The bearish Fed must listen to investors

As the US Federal Reserve announced it would rely on global economic performance to dictate the timing of rate normalisation, the analytical community stands in opposition


The role of US central bankers has become so much more than it once was. In a past life, all they had to worry about was balancing a steady rate of inflation, once in a while bringing out the bellows to fan markets along. Every now and then in the odd economic cycle they would consider how their actions would influence foreign stock and bond appetite after they’d dealt with getting their own house in order.

The global economy was, for the main part, an afterthought, a sub-narrative to establishing and reaffirming a monetary policy. And then Alan Greenspan started to become infatuated with global petroleum prices, and the persona of those directing policy started to change. Since then, the responsibility for a number of economies has sat with the Federal Reserve, which has given less support for the investor community. It’s a global world, as we all say.

The announcement after the Fed’s meeting on US interest rates in September was the single most important decision to influence international affairs this year

Swatting up
In their latest announcements Janet Yellen and Stanley Fisher said outright that they’d be studying emerging and other market metrics before considering their own domestic reality. We’ll push, they said, but only after we’ve got the nudge from abroad. The most interesting non-conclusion to have come from the September meeting was that if there were an interest rate hike, it would be measured and made in response to economic numbers.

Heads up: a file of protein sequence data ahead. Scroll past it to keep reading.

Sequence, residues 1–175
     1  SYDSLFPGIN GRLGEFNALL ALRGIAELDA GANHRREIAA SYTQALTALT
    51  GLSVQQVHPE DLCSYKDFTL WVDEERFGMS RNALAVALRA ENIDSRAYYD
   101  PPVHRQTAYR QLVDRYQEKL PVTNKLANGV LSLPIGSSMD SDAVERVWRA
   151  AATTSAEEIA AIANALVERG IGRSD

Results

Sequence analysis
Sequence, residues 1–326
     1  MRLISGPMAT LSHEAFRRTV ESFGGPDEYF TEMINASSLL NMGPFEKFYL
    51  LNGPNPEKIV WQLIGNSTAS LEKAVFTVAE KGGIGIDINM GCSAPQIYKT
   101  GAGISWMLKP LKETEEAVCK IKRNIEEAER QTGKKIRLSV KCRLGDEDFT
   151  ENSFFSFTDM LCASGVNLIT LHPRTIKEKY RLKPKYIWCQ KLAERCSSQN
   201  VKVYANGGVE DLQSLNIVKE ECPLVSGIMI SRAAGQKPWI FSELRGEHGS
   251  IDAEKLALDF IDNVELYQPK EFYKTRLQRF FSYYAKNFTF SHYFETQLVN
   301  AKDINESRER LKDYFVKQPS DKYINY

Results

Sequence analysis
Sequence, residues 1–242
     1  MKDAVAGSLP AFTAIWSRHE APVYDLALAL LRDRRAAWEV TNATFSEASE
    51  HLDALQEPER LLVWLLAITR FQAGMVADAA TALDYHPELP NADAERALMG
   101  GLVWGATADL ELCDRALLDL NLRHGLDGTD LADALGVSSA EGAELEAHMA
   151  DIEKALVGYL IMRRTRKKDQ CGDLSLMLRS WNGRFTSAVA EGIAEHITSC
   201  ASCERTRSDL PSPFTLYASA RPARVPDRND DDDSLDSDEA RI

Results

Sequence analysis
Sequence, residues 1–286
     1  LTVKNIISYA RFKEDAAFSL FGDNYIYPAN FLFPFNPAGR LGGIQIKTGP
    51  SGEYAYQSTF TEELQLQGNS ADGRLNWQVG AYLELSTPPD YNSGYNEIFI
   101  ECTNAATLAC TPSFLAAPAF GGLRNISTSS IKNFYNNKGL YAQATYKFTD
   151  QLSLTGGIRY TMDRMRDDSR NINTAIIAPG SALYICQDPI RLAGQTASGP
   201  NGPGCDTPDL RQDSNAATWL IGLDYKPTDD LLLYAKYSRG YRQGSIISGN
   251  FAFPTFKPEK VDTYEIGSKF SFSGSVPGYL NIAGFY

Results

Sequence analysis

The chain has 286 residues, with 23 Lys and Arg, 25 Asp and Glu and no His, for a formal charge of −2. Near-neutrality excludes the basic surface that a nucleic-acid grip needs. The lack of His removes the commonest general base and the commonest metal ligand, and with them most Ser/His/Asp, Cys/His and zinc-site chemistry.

US domestic growth has been an international concern for decades of course, but until this latest announcement it was the driving force behind financial markets and the confidence therein. Now it seems the Federal Reserve has decided to willingly succumb to a role reversal, awaiting instructions from abroad. Arguably the announcement after the Fed’s meeting on US interest rates in September was the single most important decision to influence international affairs this year.

Economists and central bankers in emerging markets and developed economies sat braced, compass in hand and leering over Phillips curves, awaiting the news that would shock the world. Domestically, government bonds rallied, and the dollar dipped temporarily. Externally, the news couldn’t have been better. It’s the domestic investment community that has been let down the most, given the rationale for normalising rates.

One of the unintended consequences of US quantitative easing is that it funnelled a large chunk of credit creation into emerging markets, where the carry trade spun quite a bit of wealth. There has been such an explosion of credit, in fact, that emerging markets account for about 50 percent of global growth and about 80 percent of credit creation. As the US starts to bring that back within the domestic economy when money rates resettle, this is when damage can be expected to be done to those emerging countries. Delaying further is simply delaying the inevitable. Further, the longer rates are held the more likely they will go up, which is the natural conclusion among the global financial community.